"No one understands the Silver Way as she does," he said finally. "She does not merely know it, she lives it with every breath. She has incorporated it into her existence until she no longer distinguishes between the woman and the beast, the civilized and the wild. She has a perspective alien even to many of themurr-ya. Even our elders have much to learn from her."

"Yet that perspective is an alien one to those who do not understand the Way as she does, as foreign as that of elementals or the Fair Folk."

He paused in his pacing and took her hands in his. "My love, nature is cruel. You know this. Think of the wolf that slays his pack leader when the elder grows old and slow. Think of the oak that spreads its branches and starves its smaller fellows of sunlight."

"Raksi is no different. I know you cannot abide cruelty, but that is what you will find. The human flesh she serves at her table is the least of it." He knelt by her chair and stroked her cheek. "Remember Blue Mist?"

Shiarra closed her eyes and turned her head to place a kiss on his palm. His words gave her pause and she turned them over in her mind as he held her. There was truth in what he said. Still...

"My love," she asked quietly, "Did you forbid Justin to go when he followed his sifu to the Blessed Isle?"

The arrow struck home, and his hands tightened about hers as he warred with himself. He didn't like it–but he could not forbid his mate to pursue her calling.

Now as Shiarra completed the spell, Swift snorted a warning, and Shiarra turned to see three ape-men emerging deliberately from the cover of the jungle. There was an unmistakable gleam of intelligence in their eyes, mocked by their crude brutish features. They clutched rough spears in their backward-turned claws, and the charred wooden tips were smeared with brilliant blue death sap.

Shiarra's anima danced about her in glowing reds and oranges, lighting the jungle for a dozen yards. She bowed respectfully as Raksi's children challenged her in a garbled dialect of Forest Tongue.

"I am Shiarra," she replied in the same language. "Chosen of the Unconquered Sun. My mate is Silver Feathers, of the Snow Eagle Protectorate. I have come to converse with your mother and mistress Raksi."

The challengers exchanged glances, then their leader uttered three hoarse words. All three burst into rough laughter, then the leader threw back his head and let out a trumpeting call. At the signal, dozens of ape-men swarmed out of the jungle and surrounded the pair. Swift bared his teeth and laid back his ears, but Shiarra stroked him soothingly and whispered the Spirit-Steadying Assurance. The poison on those spears posed a danger even for her, and she did not want to provoke an attack.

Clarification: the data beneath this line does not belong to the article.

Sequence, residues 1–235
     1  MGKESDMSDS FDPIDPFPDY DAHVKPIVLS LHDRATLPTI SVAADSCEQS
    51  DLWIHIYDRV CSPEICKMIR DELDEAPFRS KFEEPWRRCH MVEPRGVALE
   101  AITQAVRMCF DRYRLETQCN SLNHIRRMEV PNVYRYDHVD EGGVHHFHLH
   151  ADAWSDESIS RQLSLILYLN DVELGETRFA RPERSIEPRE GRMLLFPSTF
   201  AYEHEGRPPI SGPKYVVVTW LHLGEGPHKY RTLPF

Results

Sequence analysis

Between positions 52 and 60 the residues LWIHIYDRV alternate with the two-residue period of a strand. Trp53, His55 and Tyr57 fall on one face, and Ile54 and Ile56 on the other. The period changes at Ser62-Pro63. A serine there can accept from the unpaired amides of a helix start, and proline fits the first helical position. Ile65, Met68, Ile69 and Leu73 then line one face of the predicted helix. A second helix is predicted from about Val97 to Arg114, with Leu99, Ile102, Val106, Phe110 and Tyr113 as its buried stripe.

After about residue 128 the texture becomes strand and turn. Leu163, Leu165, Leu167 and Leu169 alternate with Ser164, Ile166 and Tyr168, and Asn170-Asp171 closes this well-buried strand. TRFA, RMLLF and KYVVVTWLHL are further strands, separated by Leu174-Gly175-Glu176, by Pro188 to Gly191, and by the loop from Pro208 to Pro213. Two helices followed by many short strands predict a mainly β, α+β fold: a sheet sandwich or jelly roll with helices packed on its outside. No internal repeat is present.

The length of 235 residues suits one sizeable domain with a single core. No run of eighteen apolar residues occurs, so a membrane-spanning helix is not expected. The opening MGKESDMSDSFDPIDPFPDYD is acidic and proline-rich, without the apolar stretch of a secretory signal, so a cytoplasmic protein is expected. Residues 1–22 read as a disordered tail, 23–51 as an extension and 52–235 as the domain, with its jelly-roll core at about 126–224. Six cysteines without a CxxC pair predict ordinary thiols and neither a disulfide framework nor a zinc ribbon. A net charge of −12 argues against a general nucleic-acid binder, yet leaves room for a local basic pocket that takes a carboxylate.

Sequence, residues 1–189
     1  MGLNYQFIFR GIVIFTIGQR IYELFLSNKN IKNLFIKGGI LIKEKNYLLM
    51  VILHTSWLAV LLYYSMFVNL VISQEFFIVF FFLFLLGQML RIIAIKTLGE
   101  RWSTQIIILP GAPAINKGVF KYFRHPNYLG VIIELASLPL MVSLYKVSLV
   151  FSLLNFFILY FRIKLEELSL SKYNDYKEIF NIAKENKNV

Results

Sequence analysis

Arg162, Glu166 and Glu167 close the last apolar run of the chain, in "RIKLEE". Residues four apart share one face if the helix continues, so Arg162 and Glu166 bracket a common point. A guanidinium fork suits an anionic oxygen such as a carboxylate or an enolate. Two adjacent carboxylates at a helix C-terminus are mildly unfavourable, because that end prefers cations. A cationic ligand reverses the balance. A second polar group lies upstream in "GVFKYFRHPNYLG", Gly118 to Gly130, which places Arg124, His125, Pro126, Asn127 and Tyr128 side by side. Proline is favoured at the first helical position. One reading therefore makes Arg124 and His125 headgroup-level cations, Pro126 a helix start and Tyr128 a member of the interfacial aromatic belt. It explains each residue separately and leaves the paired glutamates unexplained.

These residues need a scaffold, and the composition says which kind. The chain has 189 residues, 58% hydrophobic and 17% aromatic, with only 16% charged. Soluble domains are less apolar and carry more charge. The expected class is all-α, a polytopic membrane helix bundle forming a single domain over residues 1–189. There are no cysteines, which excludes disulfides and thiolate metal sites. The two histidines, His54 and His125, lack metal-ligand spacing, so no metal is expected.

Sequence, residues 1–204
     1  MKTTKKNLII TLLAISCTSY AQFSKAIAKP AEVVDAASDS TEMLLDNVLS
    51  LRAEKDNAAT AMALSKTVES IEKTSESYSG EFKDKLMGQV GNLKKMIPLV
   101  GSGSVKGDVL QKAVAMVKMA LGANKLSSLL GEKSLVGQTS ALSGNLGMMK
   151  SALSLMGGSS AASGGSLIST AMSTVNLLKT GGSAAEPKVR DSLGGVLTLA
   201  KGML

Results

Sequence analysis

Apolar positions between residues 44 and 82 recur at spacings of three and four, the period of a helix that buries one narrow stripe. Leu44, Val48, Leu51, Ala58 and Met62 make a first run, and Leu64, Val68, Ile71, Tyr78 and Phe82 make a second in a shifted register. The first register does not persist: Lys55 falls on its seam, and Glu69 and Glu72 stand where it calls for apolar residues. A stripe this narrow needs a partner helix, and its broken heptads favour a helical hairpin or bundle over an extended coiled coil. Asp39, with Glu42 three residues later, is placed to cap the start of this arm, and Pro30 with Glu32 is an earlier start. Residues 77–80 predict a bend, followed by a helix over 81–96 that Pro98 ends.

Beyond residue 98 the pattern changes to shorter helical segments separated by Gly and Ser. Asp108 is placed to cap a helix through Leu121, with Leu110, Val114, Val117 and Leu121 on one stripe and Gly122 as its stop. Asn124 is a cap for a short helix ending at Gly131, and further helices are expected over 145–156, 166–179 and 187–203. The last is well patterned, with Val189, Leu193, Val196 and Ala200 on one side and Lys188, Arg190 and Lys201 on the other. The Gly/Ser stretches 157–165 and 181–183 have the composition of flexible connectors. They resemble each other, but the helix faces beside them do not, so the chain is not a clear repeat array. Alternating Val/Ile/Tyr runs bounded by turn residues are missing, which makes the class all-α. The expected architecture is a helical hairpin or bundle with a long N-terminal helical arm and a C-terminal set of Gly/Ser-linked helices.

They crowded around Shiarra, laughing and jeering and investigating her with many rough pinches. One of them grabbed her arm to investigate the songline tattooed there; another traced the silver mark in the hollow of her throat. She endured stoically, resisting the urge to slap their paws until one grew bold enough to reach down the front of her vest. Her blow rocked his head on his shoulders, and blood trickled out of his nose as his fellows bellowed enthusiastically.

"Enough!" Shiarra announced. "Take me to your queen."

The broken city of Sperrimin teemed with more rude beast men, all with their mother's back-turned claws. But the one who met them at the city's edge could be none other than Raksi herself. She appeared younger than Shiarra, a mere slip of a girl, dark haired and dark eyed. Those eyes sparkled with merriment, and her hands were held coyly behind her back.

"So," she said. "You are far out of your territory, little Copper Spider." Her voice held the dulcet tones of the girl's shape she wore, but a thin trickle of blood welled out of the corner of her mouth and ran down her chin. "What misplaced curiosity has brought you here?"

Shiarra laid her hands over her heart and bowed respectfully. "Forgive my temerity, honored one. It is not mere curiosity that brings me here, but need. I am a sorcerer by gift and calling, but native talent cannot replace learning. It is known that Sperrimin once held much of the sorcerous knowledge of the First Age. I have come to glean what learning I can."

Raksi laughed, a horrible bubbling gurgle. "And why should I let you walk into my home and begin digging through my city? Have you even a suitable gift for me?"

Again Shiarra bowed. "I do not. There is nothing I posses, that you could not gain for yourself. However." Shiarra paused and took a deep breath. She had planned this, but was still shocked at her own temerity. "I am prepared to do you a service. I do not know what I could do for you, but if there is anything, name it. If it lies within my power, I will do it for the chance to unlock what remains of Sperrimin's secrets."

Raksi laughed again, and this time Shiarra could not repress a shudder. "Ah, the Arrows of Heaven fly true," she said, "like flies to honey–or to shit. Well, there may be a price–but will you pay it, I wonder?"

Suddenly her arm flickered, and those vicious back-bent claws struck Shiarra full across the face. Shiarra flinched but did not try to dodge the blow, nor did she try to hide how much it hurt or attempt to staunch the blood. Blood from her flensed cheek dripped to the shattered pavement at her feet as Raksi waited. Finally, the Queen of Fangs nodded.

"So, the Fallen Ones have some mettle after all. Come, then, and we will dine. Perhaps we will come to an agreement, and perhaps you will die beneath my children's spears. Either way, the evening will be most...entertaining."

Laughing merrily again, Raksi turned and led the way into the city's heart.